On 25 May 2020, Queensland parliament passed the Justice and Other Legislation Amendment Act 2020 (Act) to protect mortgagees of real property from trustees in bankruptcy or liquidators of incapacitated entities disclaiming interests in real property. The Act amends the Property Law Act 1974 (Qld) (PLA), such that a mortgagee is no longer affected by a disclaimer of the interest in real property. This will save mortgagees from incurring significant legal costs as a result of disclaimers, and streamline dealings between mortgagees and insolvency practitioners where there are concerns about disclaimers being issued.
Background to the power to disclaim
Trustees in bankruptcy and liquidators have statutory powers of disclaimer in Section 133 of the Bankruptcy Act 1966 (Cth) and Section 568 of the Corporations Act 2001 (Cth) respectively. The power of disclaimer may be exercised in bankruptcies or liquidations to disclaim an interest in property (including land) burdened with onerous covenants, or property that is unsalable or not readily saleable. The effect of a disclaimer is to vest ownership of land into the State (in order to free the incapacitated entity of its interest in the land pursuant to the disclaimer).
A trustee or liquidator will usually issue a disclaimer where the liabilities attached to the property or debts secured by mortgage exceed the market value of the property, or there may be other concerns associated with the property which pose an insurance risk to the insolvency practitioner.
Issues for mortgagees once property is disclaimed
Prior to the amendments, a mortgagee of real property was required to apply for a vesting order under Section 133(9) of the Bankruptcy Act 1966 (Cth) or Section 568F(1) of the Corporations Act 2001 (Cth) to obtain title by way of a vesting order, in order to convey title under a mortgagee sale. In bankruptcies, these applications were made to the Federal Court of Australia, and in liquidations, both the Federal Court of Australia and the Supreme Courts of States and Territories exercised concurrent jurisdiction.
While vesting orders were rarely contentious, they nevertheless required the Courts’ attention as they were highly procedural and dealt with peculiar legal issues and concepts. This was especially so where potential competing interests over the real property existed. The Court applications were invariably expensive, and an extra and unwanted cost to a mortgagee. Even the filing fees of the Courts were expensive.1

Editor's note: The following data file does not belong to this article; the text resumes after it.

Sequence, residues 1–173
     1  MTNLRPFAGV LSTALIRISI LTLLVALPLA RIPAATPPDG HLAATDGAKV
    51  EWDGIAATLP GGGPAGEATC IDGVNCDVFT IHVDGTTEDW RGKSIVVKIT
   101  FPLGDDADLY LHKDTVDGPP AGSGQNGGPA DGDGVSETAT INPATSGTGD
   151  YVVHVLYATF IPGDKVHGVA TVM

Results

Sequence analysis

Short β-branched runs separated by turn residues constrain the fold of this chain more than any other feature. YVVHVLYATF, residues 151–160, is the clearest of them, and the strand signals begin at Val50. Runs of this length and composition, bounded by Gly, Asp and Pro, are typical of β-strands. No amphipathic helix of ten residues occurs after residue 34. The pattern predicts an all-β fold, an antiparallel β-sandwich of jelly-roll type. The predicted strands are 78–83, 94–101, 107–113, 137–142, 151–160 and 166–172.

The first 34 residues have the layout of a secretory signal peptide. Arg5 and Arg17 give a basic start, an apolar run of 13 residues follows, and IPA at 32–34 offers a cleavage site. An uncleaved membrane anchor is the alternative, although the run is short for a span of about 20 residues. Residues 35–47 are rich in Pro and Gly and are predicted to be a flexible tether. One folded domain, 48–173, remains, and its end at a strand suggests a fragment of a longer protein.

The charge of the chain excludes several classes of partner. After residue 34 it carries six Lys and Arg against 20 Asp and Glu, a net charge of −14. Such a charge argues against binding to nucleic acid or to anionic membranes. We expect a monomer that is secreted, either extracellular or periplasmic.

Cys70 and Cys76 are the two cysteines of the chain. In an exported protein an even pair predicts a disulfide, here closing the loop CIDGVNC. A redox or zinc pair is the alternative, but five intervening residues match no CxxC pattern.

A Court order vesting title in a mortgagee would also provide ancillary relief dispensing with the need for mortgagees to serve a Form 4 – Notice of Exercise of Power of Sale under Section 84 of the PLA.
The call for legislative intervention was first heralded by the judiciary as far back as 2009,2 and has now been answered with the new amendments.
- The new Section 84A of the PLA clarifies that a mortgagee may exercise a power of sale following a disclaimer of real property by a trustee in bankruptcy or liquidator without the need for vesting orders under the Bankruptcy Act 1966 (Cth) or the Corporations Act 2001 (Cth);
- Section 359 of the PLA is a transitional provision, stipulating that the new Section 84A applies to freehold property mortgaged before or after the commencement date, but only if the disclaimer was made or has taken effect after the commencement date;3
- A vesting order is still required where the disclaimer has taken effect before the commencement date;
- Once the property has been disclaimed, a mortgagee may begin to exercise its power of sale provided it has satisfied the conditions set out in Section 84A(1) of the PLA and the Form 4 – Notice of Exercise of Power of Sale is served on persons with an interest in the land, and the Registrar of Titles;
- A mortgagee may exercise the power of sale after 30 days from the time the last notice has been given; and
- Any surplus funds remaining after the exercise of the power of sale of the real property and extinguishment of all secured interests are to remitted to the Supreme Court of Queensland.4
Dealing with trustees in bankruptcy and liquidators
Prior to the amendments, it was standard practice when acting for mortgagees of real property, to request trustees in bankruptcy or liquidators to refrain from disclaiming freehold interests of incapacitated entities without first giving reasonable notice. The new amendments put mortgagees in a stronger position in dealing with trustees in bankruptcy and liquidators, and alleviate any concerns about disclaimers.
This article was written by Wayne Jenvey, Partner, Matthew Broderick, Partner, Mark Lightfoot, Partner and Zach Toren, Graduate.
1 The filing fee for a vesting order in bankruptcy in the Federal Court is $5,830 for a mortgagee that is a publicly listed company (for instance, a major bank).
2 National Australia Bank Limited v New South Wales (2009) 260 ALR 115 at  (Rares J).
3 The commencement date is 25 May 2020.
4 Section 88 of the PLA has been amended to provide for this new payment regime.